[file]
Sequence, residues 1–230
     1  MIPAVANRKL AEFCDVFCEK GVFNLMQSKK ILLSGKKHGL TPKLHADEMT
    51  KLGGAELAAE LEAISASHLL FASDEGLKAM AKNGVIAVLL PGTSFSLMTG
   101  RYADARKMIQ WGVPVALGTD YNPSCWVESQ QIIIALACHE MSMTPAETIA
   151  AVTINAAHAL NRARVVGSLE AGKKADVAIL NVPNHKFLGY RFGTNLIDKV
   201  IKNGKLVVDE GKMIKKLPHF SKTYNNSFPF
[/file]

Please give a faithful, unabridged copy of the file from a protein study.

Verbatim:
Sequence, residues 1–230
     1  MIPAVANRKL AEFCDVFCEK GVFNLMQSKK ILLSGKKHGL TPKLHADEMT
    51  KLGGAELAAE LEAISASHLL FASDEGLKAM AKNGVIAVLL PGTSFSLMTG
   101  RYADARKMIQ WGVPVALGTD YNPSCWVESQ QIIIALACHE MSMTPAETIA
   151  AVTINAAHAL NRARVVGSLE AGKKADVAIL NVPNHKFLGY RFGTNLIDKV
   201  IKNGKLVVDE GKMIKKLPHF SKTYNNSFPF